On 28 May the Iranian National CERT (MAHER) published an alert on a new attack. “The attack, codenamed "Flame" is launched by a new malware,” it claimed. “At the time of writing, none of the 43 tested antiviruses could detect any of the malicious components.” Nevertheless, it continued, Iran had developed both a method of detection and a method of removal.
This announcement coincided with news stories in the mainstream press about a new highly targeted massive state-sponsored cyberweapon aimed at Iran. Nearly all of this is at least true in part – except it’s not new. It is certainly targeted, and Like Stuxnet appears to be targeted mainly against Iran. It is massive: 20Mb. It is (probably) state-sponsored. Most researchers believe that only a nation state with extensive resources could be behind the development of Flame; while Arutz Sheva (Israel National News) quotes the Israeli vice prime minister Moshe Ya'alon saying "Whoever sees the Iranian threat as a meaningful threat – it is reasonable he would take various measures, including this one.” Arutz Sheva takes this as a hint that Israel developed Flame.
However, while there is extensive conjecture about Flame, there is little yet known. Kaspersky announced yesterday that “The complexity and functionality of the newly discovered malicious program exceeds those of all other cyber menaces known to date.” But while it may be ‘newly discovered’, it is not new malware; something that David Harley, senior researcher at ESET points out. “Conflicting conjecture and confusion over the ‘ownership’ of the detection is muddying the waters,” he comments. “According to the Iran National CERT they had detection (but not removal) for the malware ESET calls Win32/Flamer.A in early May, but Kaspersky claims it’s been in the wild since March 2010: however, it seems to be the same malware threat the Laboratory of Cryptography and System Security (CrySyS) in Budapest calls sKyWIper (which they believe may have been active for 5-8 years or even longer).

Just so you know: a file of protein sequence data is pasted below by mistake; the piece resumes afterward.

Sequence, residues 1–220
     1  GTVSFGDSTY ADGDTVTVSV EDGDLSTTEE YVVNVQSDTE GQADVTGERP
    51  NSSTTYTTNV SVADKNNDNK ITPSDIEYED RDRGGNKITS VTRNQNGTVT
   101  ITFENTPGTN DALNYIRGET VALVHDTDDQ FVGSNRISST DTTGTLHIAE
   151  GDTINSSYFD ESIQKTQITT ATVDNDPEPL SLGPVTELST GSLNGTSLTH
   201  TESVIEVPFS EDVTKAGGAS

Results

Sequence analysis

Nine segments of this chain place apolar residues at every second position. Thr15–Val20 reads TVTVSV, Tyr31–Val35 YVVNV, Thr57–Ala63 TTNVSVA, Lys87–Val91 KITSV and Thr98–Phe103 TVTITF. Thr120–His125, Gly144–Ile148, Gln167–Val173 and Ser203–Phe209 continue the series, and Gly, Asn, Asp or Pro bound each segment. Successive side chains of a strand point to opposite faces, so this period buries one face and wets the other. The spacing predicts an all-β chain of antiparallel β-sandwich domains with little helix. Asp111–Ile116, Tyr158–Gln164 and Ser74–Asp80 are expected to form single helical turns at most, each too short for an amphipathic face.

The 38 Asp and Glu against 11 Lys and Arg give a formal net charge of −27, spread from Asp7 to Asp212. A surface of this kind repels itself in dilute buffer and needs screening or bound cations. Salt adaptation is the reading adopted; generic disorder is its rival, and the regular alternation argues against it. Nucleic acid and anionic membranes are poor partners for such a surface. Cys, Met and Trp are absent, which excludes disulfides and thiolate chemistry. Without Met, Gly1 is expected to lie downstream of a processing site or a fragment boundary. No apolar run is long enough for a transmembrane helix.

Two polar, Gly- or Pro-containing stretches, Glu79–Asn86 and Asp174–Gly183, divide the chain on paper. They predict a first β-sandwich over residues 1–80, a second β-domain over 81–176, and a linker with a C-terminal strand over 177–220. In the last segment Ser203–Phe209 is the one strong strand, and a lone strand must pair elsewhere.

“Perhaps the most interesting feature,” he added, “is that the Iran National CERT has volunteered to share samples with security vendors, despite the fact that many software vendors (notably those headquartered in the US) are unable to trade legally with Iran. Bizarrely, these malicious programs are running in Iran on an operating system that Microsoft can’t export to Iran. This restriction may have hampered initial detection of the malware by security vendors outside the region, but samples have subsequently trickled into the mainstream via secondary sources.”
Put simply, almost everything we know about Flame so far is conjecture. We know it is large, sophisticated and targeted. We believe that the primary target is Iran, but it has also been found in other locations. We suspect that it could only have been produced by a nation state, and there is a suggestion that the nation state is Israel. It has some similarities with Stuxnet and Duqu, but more in scope and complexity than in code.
We also know some of its capabilities: its ability to steal documents, screenshots and even audio recordings. According to Alexander Gostev, chief security expert at Kaspersky Lab, “One of the most alarming facts is that the Flame cyber-attack campaign is currently in its active phase, and its operator is consistently surveying infected systems, collecting information and targeting new systems to accomplish its unknown goals.”
An exhaustive analysis of the malware itself, however, is going to take many months.